More than 40 percent of the land will be set aside for tree preservation.
The city staff recommended approval of the petition even though the project’s density will be higher than the four units per acre called for in the Steele Creek Area Plan. The staff said single-family residential development at the site would be challenging.
The council also voted 7-0 to approve the building of graduate-student housing at the University of North Carolina at Charlotte. Marnicaly at UNCC LLC sought to rezone nearly 3 acres on the west side of Old Concord Road between Suther Road and John Kirk Drive in the University City area for up to 26 duplex units in 13 buildings.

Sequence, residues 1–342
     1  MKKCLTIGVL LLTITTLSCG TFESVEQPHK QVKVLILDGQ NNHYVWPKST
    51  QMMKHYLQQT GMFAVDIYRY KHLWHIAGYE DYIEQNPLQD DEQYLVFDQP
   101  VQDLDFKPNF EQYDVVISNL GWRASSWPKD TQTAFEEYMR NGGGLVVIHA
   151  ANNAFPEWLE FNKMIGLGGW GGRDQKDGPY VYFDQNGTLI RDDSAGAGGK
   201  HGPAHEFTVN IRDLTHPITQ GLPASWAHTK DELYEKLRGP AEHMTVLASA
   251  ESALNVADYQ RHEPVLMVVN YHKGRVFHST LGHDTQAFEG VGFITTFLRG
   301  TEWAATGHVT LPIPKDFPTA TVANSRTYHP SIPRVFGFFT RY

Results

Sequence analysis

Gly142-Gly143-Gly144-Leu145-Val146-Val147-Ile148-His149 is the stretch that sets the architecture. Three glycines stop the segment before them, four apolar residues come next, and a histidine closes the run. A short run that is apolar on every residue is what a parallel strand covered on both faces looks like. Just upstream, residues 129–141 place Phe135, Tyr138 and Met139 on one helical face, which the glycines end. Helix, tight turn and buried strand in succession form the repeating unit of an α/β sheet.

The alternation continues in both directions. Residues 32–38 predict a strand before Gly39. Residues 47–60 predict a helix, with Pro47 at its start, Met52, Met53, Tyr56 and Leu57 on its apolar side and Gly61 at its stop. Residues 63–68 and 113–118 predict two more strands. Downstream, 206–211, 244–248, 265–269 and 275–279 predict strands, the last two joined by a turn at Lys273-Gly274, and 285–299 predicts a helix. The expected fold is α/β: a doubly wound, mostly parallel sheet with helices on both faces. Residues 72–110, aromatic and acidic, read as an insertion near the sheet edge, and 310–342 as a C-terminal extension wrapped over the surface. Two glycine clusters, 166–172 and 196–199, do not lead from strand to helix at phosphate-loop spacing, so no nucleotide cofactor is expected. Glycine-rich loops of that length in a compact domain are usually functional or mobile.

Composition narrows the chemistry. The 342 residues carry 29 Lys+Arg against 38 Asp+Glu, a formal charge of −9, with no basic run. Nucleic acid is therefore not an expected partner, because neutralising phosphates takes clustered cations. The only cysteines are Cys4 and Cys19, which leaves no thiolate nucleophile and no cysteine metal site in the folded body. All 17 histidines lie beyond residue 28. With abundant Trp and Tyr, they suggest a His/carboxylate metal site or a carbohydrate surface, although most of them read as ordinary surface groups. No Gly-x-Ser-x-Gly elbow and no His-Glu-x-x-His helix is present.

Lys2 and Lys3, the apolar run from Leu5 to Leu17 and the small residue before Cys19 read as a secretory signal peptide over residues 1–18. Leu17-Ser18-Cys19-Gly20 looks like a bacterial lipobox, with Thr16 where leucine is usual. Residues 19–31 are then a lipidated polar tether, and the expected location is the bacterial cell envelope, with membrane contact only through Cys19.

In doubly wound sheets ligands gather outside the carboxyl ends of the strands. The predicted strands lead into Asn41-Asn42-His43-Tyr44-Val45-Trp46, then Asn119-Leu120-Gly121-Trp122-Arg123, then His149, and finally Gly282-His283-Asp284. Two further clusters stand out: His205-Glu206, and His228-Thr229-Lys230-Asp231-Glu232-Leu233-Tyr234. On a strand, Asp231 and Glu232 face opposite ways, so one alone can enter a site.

The site, which will have a minimum of 55 parking spaces, is near UNC Charlotte’s main campus.
The city’s planning staff recommended approval of the petition, which sought a change in zoning to urban residential with conditional uses from institutional. The staff said the project’s design respects the character of surrounding streets by providing generous setbacks. In addition, site plans propose a new street off Old Concord Road that will provide additional connectivity.
As for mixed-use projects, the council voted 6-1 to approve a developer’s request to rehab an existing building on the north side of Central Avenue for office, retail, and restaurant uses. Councilman Greg Phipps opposed the rezoning. The company, 1101 Central Group, also plans to build a structured parking deck on the 1.2-acre tract, placing a climate-controlled self-storage component on top of the deck. The commercial component of the project will total 166,000 square feet.